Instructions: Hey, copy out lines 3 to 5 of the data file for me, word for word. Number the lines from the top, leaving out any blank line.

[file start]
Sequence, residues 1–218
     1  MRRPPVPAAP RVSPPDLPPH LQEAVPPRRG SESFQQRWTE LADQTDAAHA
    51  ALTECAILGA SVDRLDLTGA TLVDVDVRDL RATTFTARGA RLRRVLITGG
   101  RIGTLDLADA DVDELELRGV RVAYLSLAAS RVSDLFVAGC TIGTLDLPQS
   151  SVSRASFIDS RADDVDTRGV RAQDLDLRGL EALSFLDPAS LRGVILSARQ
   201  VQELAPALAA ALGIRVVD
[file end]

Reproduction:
    51  ALTECAILGA SVDRLDLTGA TLVDVDVRDL RATTFTARGA RLRRVLITGG
   101  RIGTLDLADA DVDELELRGV RVAYLSLAAS RVSDLFVAGC TIGTLDLPQS
   151  SVSRASFIDS RADDVDTRGV RAQDLDLRGL EALSFLDPAS LRGVILSARQ